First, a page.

X hits on this document

PDF document

State Labor Laws, 2003 - page 25 / 27





25 / 27

Equal employment opportunity. Among amendments to theAntidiscriminationAct, the procedure for an aggrieved person to file a claim was revised to authorize the Antidis- crimination and Labor Division to transfer a request for agency action filed with the divi- sion to the Federal Equal Employment Op- portunity Commission (EEOC) in accordance with any work share agreement that exists between the division and the EEOC and that is in effect on the day on which the agency ac- tion request is transferred. This transfer is considered the commencement of an action under Federal law. The director may issue a determination and order to the respondent to cease any discriminatory or prohibited em- ployment practice and provide relief to the aggrieved party as is determined appropriate.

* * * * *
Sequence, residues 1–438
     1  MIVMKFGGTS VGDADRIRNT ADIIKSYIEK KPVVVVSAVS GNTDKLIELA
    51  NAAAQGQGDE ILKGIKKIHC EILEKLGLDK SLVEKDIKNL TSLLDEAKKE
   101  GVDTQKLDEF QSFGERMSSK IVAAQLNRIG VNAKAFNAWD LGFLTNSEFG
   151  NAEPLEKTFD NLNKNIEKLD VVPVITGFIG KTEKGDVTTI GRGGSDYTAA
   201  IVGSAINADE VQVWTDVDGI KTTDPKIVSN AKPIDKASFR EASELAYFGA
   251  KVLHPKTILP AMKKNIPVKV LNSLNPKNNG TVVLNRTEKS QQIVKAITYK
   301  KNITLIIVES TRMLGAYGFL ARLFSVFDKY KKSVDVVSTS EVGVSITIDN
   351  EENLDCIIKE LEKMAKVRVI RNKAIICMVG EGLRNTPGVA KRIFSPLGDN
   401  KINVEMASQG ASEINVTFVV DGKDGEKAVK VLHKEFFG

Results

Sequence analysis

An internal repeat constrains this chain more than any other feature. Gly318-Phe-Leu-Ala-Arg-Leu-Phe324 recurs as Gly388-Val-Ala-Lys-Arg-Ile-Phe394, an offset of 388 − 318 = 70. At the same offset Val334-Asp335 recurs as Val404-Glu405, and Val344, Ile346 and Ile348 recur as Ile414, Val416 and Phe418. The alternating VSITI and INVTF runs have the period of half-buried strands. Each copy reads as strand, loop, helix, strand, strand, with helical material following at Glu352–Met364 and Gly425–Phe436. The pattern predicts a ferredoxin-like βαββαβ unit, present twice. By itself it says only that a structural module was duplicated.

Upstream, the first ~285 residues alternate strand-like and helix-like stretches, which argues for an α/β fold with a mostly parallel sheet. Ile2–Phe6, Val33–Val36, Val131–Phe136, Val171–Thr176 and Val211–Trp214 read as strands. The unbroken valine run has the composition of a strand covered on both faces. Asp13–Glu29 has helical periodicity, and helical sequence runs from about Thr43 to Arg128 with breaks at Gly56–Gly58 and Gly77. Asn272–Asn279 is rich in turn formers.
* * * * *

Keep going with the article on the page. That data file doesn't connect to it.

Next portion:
Worker privacy. Current or former employ- ers of law enforcement and training academy applicants are now required to provide em- ployment history information to the law en- forcement agency or academy if proper no- tice and authorization procedures are fol- lowed. Information provided may include dates of employment, compensation paid, attendance record, any disciplinary action taken, and a statement regarding whether the employer would rehire the applicant and, if not, the reasons why. In the absence of fraud or malice, an employer is not subject to any civil liability resulting from the release of the information requested.